Olivia Salomón, economic secretary of the Mexican state of Puebla, has just announced that German carmaker Volkswagen can reopen its plant there from June 15. However, it can only use 30% of its workforce in staggered shifts.
Speaking to Automotive Logistics yesterday Dr Susanne Lehmann, VW’s senior director for production in North America, said: “We’re working with the regional and federal government and hoping for June.”
At a recent press conference with Puebla governor, Luis Miguel Barbosa and Salomón, president of the Business Coordinating Council (CCE), Ignacio Alarcó, said that in the first phase businesses could start up operations with 30% of the total workforce in alternating shifts. Construction and automotive industries will be able to carry out a gradual reopening in an effort to revive the economy in its entirety from June 15. That includes automotive tier suppliers, which is also good news for VW as its US plant in Chattanooga, Tennessee relies on suppliers from Puebla and was facing a shut down if the state didn’t get back to business soon.
The news is welcomed after a series of mixed messages from Mexico regarding ramp-up. Until yesterday, the state of Puebla, which is home to both Volkswagen and Audi plants, as well as a number of tier suppliers, was not ready to restart operations because of a lack of safety and sanitary measures, according to the state.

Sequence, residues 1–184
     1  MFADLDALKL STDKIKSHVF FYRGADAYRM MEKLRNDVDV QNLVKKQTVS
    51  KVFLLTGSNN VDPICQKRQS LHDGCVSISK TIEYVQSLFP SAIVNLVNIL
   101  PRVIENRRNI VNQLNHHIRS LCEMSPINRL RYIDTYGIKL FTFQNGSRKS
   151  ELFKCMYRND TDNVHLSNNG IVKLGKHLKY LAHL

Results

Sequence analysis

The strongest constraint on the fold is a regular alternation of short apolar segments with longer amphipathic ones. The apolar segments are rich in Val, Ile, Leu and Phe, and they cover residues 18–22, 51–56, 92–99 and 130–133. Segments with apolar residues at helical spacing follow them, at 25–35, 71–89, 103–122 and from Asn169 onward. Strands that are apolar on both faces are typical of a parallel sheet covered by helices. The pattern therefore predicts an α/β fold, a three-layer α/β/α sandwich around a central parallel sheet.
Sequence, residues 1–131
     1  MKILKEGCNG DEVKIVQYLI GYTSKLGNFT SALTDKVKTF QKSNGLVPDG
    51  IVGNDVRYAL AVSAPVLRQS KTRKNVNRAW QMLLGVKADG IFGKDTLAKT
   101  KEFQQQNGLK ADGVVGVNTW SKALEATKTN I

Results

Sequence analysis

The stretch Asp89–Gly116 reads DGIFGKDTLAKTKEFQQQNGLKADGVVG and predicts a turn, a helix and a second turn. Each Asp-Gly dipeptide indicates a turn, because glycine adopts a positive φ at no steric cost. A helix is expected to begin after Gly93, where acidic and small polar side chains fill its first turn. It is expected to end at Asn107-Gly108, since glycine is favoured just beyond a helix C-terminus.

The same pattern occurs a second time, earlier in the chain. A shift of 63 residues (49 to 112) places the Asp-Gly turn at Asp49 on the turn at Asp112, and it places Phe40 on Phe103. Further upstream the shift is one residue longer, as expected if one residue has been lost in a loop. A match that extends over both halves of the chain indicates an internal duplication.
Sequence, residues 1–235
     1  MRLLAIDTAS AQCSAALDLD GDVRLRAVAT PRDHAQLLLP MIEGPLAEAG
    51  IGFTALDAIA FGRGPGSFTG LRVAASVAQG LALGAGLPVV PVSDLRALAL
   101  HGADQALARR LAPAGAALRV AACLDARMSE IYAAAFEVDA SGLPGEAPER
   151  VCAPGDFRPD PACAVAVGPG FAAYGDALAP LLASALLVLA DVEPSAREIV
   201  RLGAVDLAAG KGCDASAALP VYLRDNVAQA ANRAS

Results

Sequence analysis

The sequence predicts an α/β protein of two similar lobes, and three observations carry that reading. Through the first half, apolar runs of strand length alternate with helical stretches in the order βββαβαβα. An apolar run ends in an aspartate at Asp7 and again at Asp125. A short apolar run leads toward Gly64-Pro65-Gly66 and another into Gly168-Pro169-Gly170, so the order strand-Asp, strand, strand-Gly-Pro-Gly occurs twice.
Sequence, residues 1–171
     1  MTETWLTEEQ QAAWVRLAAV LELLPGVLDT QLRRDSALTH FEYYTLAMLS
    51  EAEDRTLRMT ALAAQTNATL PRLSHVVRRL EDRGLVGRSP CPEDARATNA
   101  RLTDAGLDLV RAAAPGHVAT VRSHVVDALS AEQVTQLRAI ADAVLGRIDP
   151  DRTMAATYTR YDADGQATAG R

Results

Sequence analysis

In an official decree issued last week the Puebla state government said, “there are no conditions in the State of Puebla to restart activities in the automotive and construction industries”.
Mexico has 68,620 confirmed cases of coronavirus with 2,082 of them registered in Puebla.
The decree somewhat opposed the advice from the Federal government in Mexico, which now classifies the automotive industry and other sectors in the country as essential, permitting them to restart subject to satisfying certain health and safety protocols.
On March 20, VW said it would temporarily close its factories in Puebla, where it produces the Golf, Beetle, Jetta and Tiguan. It also shut its facility in Silao on March 30 through to April 12 amid growing worries over the spread of the coronavirus.
Audi shut down operations on March 23, saying it was lacking parts at its plant in San José, Chiapa, where it produces the Audi Q5, because of the impact on supply chains.
Recently, the parts shortage in Mexico has forced Mercedes-Benz to temporarily suspend production at its plant in Alabama.
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